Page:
Kanailal Munshi, the lawyer politician wrote historical novels such as Gujarat no Nath and Jai Somnath mining Gujarat’s history and turning it into fiction. Harkishan Mehta’s three books about dacoits in the Chambal, Chambal taro Ajampo are worth a mention. They are thrilling stories of the life and times of dacoits in Chambal such as Mansingh and Daku rani Putli and Rupa which can make your hair stand on end. They are adventure stories in the best tradition with larger than life dacoits and some may say they romanticise dacoits.

Today Gunvant Shah the author of the Ran to lila Chum with his thought-provoking writing which is dead serious and has no room for levity is making a serious attempt to make Gujarati readers familiar with world literature.

Focus on displaced

Mahashweta Devi towers over Bengali literature like a colossus. She shines a mirror on us and our society and what we see of ourselves we can not but dislike. She gives voice to the displaced, the downtrodden and the disinherited. She is incredibly versatile and inventive. She has given new legs even to an epic like the Mahabharata. For instance, the Panchakanya (five girls) from her collection, After Kurukshetra — the story of the widows of five foot solders who are consoling Uttara, the widow of Abhimanyu who is expecting a child. They say: "This is not our dharma yuddha. Brother kills brother, uncle kills nephew, shishya kills guru. It may be your idea of dharma. Its not ours". This is the freshest perspective of the Mahabharata that I have encountered. In her collection of stories, Bait, she has brought her pointed observations to the urban milieu and the Calcutta underworld in the 1960s and 1970s, which she exposes with telling effect.

Sometime when one reads Mahashweta one gets the feeling that she is trying to wake up a slumbering nation.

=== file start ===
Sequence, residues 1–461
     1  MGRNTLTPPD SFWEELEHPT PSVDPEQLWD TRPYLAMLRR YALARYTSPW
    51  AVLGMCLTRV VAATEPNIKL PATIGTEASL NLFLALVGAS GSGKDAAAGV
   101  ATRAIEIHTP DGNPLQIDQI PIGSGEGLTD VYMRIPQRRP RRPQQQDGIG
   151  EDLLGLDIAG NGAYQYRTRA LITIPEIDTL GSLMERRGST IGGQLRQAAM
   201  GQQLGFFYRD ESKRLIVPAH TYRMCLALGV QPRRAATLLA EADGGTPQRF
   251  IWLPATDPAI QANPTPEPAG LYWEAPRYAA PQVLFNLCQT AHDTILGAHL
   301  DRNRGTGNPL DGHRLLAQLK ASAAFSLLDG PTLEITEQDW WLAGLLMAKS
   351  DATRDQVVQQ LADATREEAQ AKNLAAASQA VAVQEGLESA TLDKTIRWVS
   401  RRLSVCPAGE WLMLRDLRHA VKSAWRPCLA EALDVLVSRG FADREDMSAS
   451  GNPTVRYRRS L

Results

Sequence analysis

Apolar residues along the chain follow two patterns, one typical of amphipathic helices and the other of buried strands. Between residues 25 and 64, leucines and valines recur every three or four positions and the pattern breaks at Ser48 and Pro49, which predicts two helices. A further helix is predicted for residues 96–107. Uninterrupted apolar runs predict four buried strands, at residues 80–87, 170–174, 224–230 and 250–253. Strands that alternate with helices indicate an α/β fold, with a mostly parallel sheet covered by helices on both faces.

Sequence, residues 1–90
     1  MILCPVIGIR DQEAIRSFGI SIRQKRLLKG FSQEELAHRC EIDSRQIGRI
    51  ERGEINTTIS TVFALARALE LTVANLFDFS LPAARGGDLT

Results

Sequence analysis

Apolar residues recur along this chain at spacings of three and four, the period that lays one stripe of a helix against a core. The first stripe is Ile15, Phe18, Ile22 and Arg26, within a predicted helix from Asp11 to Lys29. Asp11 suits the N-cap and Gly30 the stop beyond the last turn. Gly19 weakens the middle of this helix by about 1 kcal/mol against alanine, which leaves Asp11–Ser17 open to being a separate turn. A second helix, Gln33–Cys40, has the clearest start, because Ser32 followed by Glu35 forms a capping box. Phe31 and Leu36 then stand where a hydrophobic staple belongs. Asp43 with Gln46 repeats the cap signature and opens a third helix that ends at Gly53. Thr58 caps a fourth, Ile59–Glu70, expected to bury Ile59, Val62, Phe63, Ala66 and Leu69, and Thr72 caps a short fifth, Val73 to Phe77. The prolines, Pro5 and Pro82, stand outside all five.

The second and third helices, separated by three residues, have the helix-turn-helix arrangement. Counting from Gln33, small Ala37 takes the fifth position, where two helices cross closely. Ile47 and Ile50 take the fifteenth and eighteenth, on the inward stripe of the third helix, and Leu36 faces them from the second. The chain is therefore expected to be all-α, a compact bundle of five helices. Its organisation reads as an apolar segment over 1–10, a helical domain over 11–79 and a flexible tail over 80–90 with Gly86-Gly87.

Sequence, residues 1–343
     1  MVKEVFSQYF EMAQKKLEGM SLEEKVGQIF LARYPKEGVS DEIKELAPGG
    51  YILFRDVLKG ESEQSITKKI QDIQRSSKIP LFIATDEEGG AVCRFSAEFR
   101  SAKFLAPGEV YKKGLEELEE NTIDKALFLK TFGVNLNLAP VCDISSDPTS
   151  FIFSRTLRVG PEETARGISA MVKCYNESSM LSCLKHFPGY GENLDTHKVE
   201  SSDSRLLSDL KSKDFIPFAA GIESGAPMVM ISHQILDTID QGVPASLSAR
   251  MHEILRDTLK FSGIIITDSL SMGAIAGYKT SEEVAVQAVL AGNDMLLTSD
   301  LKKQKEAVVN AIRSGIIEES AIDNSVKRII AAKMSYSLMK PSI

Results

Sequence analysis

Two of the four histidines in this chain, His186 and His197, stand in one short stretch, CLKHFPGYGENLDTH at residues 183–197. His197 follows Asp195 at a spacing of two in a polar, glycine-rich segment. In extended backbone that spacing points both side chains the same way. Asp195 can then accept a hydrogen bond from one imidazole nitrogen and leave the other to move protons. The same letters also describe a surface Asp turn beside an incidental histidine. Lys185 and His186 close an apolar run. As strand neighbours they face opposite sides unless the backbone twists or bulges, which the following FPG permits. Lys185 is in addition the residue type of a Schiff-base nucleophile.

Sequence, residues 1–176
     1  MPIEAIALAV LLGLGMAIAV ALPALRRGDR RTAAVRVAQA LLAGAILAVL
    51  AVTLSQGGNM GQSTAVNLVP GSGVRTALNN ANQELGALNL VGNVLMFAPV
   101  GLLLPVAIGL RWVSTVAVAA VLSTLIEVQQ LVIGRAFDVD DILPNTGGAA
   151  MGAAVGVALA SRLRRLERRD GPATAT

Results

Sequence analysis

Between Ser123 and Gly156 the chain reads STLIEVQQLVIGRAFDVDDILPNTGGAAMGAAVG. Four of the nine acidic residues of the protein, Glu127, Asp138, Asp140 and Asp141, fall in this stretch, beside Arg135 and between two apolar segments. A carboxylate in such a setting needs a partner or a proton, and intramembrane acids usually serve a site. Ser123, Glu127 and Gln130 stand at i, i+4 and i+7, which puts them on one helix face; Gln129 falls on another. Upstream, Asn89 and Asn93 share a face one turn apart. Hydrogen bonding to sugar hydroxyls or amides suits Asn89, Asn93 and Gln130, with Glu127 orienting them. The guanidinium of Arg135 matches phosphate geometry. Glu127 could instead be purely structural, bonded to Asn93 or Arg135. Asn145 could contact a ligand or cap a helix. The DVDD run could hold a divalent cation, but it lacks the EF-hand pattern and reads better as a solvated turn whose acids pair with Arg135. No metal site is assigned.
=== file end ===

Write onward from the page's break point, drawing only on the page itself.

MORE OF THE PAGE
The Bengali writer Suchitra Bhattacharya author of the collection of short stories, I am Madhabi turns her attention to the Bengali middle class and chronicles their joys and sorrows. She is an acute observer of the changing milieu and deals with the "dilemmas of our ordinary lives". For instance, the story Attachment is a touching look at the confusion, commotion and comfort of relatives unexpectedly dropping in for an extended stay. Suchitra is also a great observer of the minutiae of modern urban life and while reading her you are apt to exclaim "Gosh, how come I didn’t notice that ?"


Vaikom Muhammad Basheer, the ‘Beypore Satan’ has been a path- breaker in Malayalam literature. He was the first writer to challenge the literary convention of writing in sanskritised Malayalam. Many years ago, he was also the first Malayali writer to demand adequate remuneration for writers and actually wrote a play bemoaning the fact that writers were so ill-paid. His stories span the gamut all the way from light stories with a twist-in-the-tail in the style of O’ Henry to more serious stories where you can feel the closeness of his experience as a jailbird during Independence.

Such, for example, is the story Wall about life in a jail. The time spent by Basheer in jail has been utilised by him in his creative work. Similarly, he travelled through India extensively and transformed the experiences of these journeys into literature. His wife Fatima Bi interestingly says that she was surprised by Basheer’s long conversations with himself till she found Basheer was relating whole stories to himself before he penned
them down.

Kamala Das writes both in Malayalam and English. Her memoir A childhood in Malabar written in Malayalam has all the scents and sounds of Kerala. Growing up in the 1930s and 1940s and dividing time between Calcutta and Malabar the book describes the magical childhood of Kamala who was a precocious child. Surrounded by loving relatives but taken care of by loving servants, the story is a procession of delights — magicians, dancers, yakshas, gandharvas and the like all make their way. You watch in amazement as her relatives give away a doll to a visiting child, leaving Kamala in tears. How she struggles to persuade her father to get her a red silk frock or as she struggles with the concepts of marriage and death as an eight-year-old.

The way ahead

What is the way ahead for Indian Literature? With million-dollar advances still infrequent but not unheard of, in some ways Indian writing (particularly in English) it would seem has never had it better. However, the reading public in India is still miniscule and not long ago a publisher told me that selling 5000 copies of a book amounts to a best seller. It is hoped that this will change by both better literature and a more consistent effort at marketing books. Further there is a lot of superb literature in the vernacular. A serious effort to the translate the same should be made. Publications such as Katha, of course, go a long way in bringing new readers to the Indian languages.